Synonyms
Antonyms
Etymology

1. down

adverb. ['ˈdaʊn'] spatially or metaphorically from a higher to a lower level or position.

Synonyms

Antonyms

Etymology

  • doun (Middle English (1100-1500))
  • dun (Old English (ca. 450-1100))
  • dune (Old English (ca. 450-1100))
  • dún (Old Norse)

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Rhymes with Push Down

  • abbottstown
  • abbotstown
  • run-down
  • mcquown
  • facedown
  • downtown
  • uptown
  • renown
  • mcgown
  • mccown
  • mccoun
  • frown
  • drown
  • crowne
  • crown
  • clown
  • browne
  • brown
  • towne
  • town
  • shoun
  • noun
  • lown
  • gown
  • downe
  • around

3. down

adjective. ['ˈdaʊn'] being or moving lower in position or less in some value.

Etymology

  • doun (Middle English (1100-1500))
  • dun (Old English (ca. 450-1100))
  • dune (Old English (ca. 450-1100))
  • dún (Old Norse)

4. push

verb. ['ˈpʊʃ'] press, drive, or impel (someone) to action or completion of an action.

Etymology

  • pushen (Middle English (1100-1500))
  • pousser (Middle French (ca. 1400-1600))

5. push

verb. ['ˈpʊʃ'] make publicity for; try to sell (a product).

Etymology

  • pushen (Middle English (1100-1500))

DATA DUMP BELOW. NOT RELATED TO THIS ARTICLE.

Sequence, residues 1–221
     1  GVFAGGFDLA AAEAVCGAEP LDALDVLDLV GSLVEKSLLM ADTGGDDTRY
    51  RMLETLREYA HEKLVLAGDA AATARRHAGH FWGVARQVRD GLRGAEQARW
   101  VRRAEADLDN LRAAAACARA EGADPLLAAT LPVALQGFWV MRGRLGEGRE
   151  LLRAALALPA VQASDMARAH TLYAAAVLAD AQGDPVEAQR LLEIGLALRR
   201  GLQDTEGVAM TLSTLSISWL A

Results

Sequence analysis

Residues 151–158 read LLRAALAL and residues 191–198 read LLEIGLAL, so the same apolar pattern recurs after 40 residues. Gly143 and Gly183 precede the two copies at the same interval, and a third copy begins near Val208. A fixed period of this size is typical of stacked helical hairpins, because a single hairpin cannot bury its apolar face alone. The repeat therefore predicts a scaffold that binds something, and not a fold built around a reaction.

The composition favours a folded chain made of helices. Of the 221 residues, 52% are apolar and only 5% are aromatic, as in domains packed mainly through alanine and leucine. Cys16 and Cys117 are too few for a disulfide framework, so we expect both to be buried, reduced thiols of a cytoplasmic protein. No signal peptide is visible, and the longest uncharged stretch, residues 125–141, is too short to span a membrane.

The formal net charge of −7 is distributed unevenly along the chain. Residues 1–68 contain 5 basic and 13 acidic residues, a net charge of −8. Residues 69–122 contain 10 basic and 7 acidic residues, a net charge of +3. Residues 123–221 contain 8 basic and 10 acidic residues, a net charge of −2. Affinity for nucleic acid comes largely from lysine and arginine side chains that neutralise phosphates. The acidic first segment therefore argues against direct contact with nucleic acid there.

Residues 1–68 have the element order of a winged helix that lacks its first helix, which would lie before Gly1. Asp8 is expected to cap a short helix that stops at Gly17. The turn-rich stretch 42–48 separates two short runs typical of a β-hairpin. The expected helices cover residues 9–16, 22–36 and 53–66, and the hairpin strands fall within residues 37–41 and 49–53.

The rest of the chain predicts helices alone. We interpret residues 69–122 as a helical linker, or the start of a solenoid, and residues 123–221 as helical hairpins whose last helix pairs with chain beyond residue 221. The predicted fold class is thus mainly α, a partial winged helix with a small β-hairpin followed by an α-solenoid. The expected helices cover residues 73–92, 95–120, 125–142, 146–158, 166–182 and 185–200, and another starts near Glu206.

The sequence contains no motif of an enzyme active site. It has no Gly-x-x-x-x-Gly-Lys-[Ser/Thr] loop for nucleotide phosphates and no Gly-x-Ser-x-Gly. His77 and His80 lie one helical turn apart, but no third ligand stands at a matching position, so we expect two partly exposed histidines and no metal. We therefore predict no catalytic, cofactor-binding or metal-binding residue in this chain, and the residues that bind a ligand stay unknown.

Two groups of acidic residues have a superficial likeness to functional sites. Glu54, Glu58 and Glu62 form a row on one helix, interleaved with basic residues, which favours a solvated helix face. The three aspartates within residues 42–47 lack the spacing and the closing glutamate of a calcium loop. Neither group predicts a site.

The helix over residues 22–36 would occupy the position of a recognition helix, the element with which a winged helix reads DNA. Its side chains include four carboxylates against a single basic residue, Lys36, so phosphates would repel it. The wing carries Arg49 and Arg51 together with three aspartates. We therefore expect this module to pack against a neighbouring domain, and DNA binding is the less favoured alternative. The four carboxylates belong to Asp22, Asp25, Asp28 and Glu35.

• pousser (Middle French (ca. 1400-1600))

6. push

noun. ['ˈpʊʃ'] the act of applying force in order to move something away.

Etymology

  • pushen (Middle English (1100-1500))
  • pousser (Middle French (ca. 1400-1600))

7. push

verb. ['ˈpʊʃ'] strive and make an effort to reach a goal.

Etymology

  • pushen (Middle English (1100-1500))
  • pousser (Middle French (ca. 1400-1600))

8. push

verb. ['ˈpʊʃ'] press against forcefully without moving.

Synonyms

Antonyms

Etymology

  • pushen (Middle English (1100-1500))
  • pousser (Middle French (ca. 1400-1600))

9. down

verb. ['ˈdaʊn'] drink down entirely.

Etymology

  • doun (Middle English (1100-1500))
  • dun (Old English (ca. 450-1100))
  • dune (Old English (ca. 450-1100))
  • dún (Old Norse)

10. push

verb. ['ˈpʊʃ'] approach a certain age or speed.

Etymology

  • pushen (Middle English (1100-1500))
  • pousser (Middle French (ca. 1400-1600))
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